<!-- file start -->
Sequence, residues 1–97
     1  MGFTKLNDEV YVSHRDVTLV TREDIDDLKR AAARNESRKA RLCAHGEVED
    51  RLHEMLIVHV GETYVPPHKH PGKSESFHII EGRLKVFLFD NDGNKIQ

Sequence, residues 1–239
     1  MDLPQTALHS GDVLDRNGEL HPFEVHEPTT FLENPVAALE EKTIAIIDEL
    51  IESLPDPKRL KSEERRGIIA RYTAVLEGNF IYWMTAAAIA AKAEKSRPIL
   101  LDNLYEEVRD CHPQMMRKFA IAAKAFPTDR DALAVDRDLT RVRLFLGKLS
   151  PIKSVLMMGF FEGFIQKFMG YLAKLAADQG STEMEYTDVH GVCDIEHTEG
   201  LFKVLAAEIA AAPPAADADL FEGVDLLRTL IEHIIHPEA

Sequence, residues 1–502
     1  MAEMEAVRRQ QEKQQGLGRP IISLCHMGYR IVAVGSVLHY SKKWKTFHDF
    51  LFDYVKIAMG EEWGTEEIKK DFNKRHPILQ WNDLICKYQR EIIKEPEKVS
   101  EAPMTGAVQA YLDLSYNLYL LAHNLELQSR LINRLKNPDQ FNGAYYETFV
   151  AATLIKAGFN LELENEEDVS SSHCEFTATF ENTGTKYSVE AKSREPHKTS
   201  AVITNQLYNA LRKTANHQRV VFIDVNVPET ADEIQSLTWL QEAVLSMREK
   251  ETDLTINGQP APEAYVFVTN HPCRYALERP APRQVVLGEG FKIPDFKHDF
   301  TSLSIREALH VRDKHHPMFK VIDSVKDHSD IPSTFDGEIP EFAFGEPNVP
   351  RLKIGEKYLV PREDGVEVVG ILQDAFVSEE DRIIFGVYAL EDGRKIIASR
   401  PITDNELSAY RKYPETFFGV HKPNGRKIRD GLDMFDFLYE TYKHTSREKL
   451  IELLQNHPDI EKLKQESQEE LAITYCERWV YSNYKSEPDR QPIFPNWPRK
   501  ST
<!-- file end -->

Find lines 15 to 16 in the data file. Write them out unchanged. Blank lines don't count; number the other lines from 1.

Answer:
   201  AVITNQLYNA LRKTANHQRV VFIDVNVPET ADEIQSLTWL QEAVLSMREK
   251  ETDLTINGQP APEAYVFVTN HPCRYALERP APRQVVLGEG FKIPDFKHDF